Like most bacterial STIs, trichomonas vaginalis (TV) is treated with antibiotics.
The current first line treatment for TV recommended by NICE is metronidazole, which is also known by the brand name Flagyl. It is given as a 400mg-500mg tablet, taken twice a day for between 5-7 days.
It can also be taken as a larger single dose (2g), if the user has a particular issue with being prescribed it over a week.
Should the patient not be able to take metronidazole, there are alternative treatments such as tinidazole, which work in a similar way.
On this page we’ll discuss:
- why it is important to treat TV
- how the antibiotics used to treat TV work
- and how you can get treatment for TV
Trichomonas vaginalis will not go away on its own, without treatment. Although it is not as serious as many other STIs, it can still need to a number of complications for both men and women.
For example, it can lead to issues with pregnancy, such as early labour and possibly a low birth weight. Women with untreated TV are also more at risk of developing sepsis after their baby has been born.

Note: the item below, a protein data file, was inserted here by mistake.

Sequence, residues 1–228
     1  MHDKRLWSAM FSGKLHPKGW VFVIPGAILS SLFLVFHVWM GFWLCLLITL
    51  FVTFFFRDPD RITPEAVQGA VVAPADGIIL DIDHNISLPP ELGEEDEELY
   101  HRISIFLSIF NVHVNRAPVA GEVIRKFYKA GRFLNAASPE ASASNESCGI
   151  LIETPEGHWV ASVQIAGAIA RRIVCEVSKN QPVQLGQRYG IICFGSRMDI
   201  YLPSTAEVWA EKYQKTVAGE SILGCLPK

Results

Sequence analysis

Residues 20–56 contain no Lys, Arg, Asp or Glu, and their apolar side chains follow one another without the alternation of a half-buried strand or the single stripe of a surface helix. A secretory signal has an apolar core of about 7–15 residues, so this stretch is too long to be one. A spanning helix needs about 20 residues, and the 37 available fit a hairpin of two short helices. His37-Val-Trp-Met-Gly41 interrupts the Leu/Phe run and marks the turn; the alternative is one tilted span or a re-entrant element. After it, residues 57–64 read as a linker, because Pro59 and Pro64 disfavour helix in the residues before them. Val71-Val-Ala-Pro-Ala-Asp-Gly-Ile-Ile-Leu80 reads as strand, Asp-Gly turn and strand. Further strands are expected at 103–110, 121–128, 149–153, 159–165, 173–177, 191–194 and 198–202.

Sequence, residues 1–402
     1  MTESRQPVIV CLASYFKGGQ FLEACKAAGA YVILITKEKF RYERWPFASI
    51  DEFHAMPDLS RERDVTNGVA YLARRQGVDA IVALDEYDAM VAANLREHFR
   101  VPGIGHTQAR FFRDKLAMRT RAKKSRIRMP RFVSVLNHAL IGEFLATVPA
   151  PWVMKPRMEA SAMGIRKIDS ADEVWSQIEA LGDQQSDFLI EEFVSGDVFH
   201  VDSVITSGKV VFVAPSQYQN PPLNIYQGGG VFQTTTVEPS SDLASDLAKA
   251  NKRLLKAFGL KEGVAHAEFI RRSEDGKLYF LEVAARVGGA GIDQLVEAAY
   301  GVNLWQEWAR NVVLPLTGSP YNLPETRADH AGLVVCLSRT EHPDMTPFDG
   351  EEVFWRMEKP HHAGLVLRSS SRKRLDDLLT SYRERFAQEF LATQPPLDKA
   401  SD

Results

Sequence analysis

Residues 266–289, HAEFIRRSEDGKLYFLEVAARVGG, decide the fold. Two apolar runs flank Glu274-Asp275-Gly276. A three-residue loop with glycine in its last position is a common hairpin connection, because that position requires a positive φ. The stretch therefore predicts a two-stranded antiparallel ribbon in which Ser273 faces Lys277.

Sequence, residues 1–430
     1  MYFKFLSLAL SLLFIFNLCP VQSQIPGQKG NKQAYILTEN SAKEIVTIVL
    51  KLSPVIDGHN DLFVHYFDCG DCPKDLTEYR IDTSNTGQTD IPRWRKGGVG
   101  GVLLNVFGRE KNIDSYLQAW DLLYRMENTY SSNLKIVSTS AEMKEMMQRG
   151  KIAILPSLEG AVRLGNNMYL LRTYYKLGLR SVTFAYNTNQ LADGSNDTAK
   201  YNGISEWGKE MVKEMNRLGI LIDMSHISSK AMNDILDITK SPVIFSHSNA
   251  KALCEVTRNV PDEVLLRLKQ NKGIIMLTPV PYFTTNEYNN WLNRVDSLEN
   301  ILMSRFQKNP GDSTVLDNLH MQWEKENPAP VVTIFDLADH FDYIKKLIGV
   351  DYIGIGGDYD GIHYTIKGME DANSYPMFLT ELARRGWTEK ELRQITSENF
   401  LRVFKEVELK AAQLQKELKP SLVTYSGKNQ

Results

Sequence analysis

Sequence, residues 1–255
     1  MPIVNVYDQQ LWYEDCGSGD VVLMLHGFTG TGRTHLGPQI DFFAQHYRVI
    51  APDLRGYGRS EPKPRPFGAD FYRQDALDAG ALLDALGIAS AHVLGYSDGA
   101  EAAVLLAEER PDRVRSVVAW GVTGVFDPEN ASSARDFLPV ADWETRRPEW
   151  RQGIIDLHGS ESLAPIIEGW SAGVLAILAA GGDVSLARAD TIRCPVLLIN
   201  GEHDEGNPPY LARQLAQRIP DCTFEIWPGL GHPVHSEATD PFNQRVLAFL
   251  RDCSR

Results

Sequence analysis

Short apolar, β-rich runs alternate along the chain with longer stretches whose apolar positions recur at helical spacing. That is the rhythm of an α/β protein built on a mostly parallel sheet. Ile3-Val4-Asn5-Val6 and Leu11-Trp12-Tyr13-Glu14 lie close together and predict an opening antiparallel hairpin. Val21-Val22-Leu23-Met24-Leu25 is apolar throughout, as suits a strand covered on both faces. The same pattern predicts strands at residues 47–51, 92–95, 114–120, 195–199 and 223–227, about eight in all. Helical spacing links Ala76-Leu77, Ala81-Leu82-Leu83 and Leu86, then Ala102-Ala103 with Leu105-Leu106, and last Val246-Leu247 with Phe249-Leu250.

When not treated, TV can also lead to pelvic inflammatory disease in women; whereas men who do not seek treatment for TV can go on to develop prostate problems.
As is the case with other STIs, it can also increase the risk of infertility, and heightens the risk of contracting other STIs.
As well as treating the infected person, it is also essential that their partner is treated, even if no symptoms are displayed.
By killing the TV parasite responsible for the infection.
Trichomonas vaginalis is the name of the parasite which causes the STI, trichomoniasis. It is a type of parasite called a protozoan, and feeds on the surface of cells.
Metronidazole works by stopping the parasite from developing DNA it needs to survive. When it is not able to reproduce this, it becomes weakened and subsequently dies. This helps to clear up the infection.
The antibiotics that treat TV are prescription only. If someone tests positive for or is suspected of having trichomonas vaginalis, they can get a prescription for treatment:
- at a GUM clinic
- at their GP surgery
- or from an online pharmacy.
Before treatment is issued, it will be necessary to have a test for TV. A possible exception is if someone’s partner has had a positive test result. If this is the case, treatment may be started right away; but they will normally still need to be tested, to confirm the infection.
When purchasing TV treatment from an online pharmacy, it’s vital to ensure that the provider is registered with the GPhC. You can do this by looking for the GPhC logo and registration number.